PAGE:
A neuroscientist who studies decision-making shares his best advice for living healthier
Chris WellerJan 4, 2018, 12.08 AM
Read full story
Jose Uriel Delgado, 115, exercises at nursing home Sisters of Charity in San Jose, Costa Rica August 11, 2015. This elderly Costa Rican man reportedly born at the turn of the 20th century could be the world's oldest, but his lack of documentation and testimony from family and friends could see his alleged 115-year-old out of the record books.Juan Carlos Ulate/Reuters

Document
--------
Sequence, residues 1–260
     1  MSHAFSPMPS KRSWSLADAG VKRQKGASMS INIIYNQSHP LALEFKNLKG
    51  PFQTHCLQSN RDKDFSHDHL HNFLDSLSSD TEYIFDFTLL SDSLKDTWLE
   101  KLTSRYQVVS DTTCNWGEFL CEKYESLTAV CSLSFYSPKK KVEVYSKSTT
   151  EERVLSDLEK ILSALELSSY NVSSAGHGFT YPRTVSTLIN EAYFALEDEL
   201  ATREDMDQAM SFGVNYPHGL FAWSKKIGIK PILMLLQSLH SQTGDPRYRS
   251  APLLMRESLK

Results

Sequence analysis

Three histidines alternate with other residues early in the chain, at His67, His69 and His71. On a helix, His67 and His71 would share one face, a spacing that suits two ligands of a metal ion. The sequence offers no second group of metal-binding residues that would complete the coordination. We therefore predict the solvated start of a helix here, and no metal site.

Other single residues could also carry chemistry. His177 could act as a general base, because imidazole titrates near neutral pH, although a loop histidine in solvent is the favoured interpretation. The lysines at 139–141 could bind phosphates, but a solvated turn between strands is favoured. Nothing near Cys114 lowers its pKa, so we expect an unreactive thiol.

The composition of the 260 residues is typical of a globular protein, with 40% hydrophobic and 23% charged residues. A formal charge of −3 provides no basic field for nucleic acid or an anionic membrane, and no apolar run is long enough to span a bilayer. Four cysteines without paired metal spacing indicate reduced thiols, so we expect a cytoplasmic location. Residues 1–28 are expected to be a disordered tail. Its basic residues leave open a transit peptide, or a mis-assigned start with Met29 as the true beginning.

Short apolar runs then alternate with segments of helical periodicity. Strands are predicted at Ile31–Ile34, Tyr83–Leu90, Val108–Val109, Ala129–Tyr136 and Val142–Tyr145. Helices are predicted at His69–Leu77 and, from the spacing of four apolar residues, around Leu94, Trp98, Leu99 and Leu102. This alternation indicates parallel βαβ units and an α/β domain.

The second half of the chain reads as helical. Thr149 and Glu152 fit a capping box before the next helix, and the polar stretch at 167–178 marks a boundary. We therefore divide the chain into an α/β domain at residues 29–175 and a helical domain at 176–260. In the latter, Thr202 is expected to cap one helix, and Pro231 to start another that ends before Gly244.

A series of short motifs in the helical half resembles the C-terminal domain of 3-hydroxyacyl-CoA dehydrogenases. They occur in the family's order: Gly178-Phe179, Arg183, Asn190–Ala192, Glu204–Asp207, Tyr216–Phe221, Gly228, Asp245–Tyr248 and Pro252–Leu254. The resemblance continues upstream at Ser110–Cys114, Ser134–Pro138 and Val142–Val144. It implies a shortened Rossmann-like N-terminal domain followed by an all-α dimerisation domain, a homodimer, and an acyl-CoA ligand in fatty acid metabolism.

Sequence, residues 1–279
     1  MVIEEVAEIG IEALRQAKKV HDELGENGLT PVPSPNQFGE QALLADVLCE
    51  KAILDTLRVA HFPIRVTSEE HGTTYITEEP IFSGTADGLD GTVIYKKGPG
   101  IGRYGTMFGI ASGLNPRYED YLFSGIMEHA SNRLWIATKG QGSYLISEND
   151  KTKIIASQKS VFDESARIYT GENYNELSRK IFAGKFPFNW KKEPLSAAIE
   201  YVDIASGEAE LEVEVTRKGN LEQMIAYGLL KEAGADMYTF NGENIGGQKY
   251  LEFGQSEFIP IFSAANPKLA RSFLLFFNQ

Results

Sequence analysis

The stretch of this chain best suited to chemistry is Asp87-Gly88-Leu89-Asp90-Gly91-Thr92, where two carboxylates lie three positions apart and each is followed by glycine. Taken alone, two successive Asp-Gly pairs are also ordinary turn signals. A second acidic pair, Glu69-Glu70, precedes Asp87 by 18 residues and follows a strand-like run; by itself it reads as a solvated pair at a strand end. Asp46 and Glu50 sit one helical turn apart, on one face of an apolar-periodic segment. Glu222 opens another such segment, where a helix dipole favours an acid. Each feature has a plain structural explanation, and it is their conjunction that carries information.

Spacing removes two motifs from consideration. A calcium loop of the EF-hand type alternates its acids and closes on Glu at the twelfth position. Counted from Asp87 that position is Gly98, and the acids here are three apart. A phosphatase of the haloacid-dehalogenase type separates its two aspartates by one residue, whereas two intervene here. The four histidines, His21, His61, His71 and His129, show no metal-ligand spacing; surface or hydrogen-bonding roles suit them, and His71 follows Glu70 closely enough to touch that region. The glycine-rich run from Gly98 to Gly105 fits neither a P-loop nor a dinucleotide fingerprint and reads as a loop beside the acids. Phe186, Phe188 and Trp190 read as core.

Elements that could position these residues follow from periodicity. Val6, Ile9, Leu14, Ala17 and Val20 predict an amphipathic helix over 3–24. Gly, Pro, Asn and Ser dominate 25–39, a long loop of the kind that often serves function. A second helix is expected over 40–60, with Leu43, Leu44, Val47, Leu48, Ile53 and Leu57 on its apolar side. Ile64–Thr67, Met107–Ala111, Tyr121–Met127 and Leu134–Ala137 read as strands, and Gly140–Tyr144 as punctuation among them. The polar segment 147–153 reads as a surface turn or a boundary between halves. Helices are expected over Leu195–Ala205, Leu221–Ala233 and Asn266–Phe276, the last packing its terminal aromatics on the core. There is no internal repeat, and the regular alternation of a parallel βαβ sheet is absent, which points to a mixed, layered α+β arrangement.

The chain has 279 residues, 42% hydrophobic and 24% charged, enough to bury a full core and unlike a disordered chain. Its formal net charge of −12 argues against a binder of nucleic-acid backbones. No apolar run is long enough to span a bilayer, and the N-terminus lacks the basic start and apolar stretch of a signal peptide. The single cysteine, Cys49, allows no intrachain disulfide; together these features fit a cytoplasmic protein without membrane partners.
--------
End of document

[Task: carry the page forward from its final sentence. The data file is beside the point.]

Making healthy choices sounds like a good way to get in better shape. But according to Moran Cerf, the strategy is misguided.
Cerf, a professor of business and neuroscience at Northwestern University, has been studying decision-making for over a decade. One of his biggest takeaways is that making choices on a daily basis is psychologically exhausting.
In other words, it's tough to constantly exert the willpower required to avoid snacking or get up off the couch to exercise. Eventually, old habits get the best of people and they cave to unproductive tendencies.
Based on his research, Cerf claims other strategies are far more effective at getting people to build sustainable habits that promote healthy living - and they aren't the typical stuff of diet books.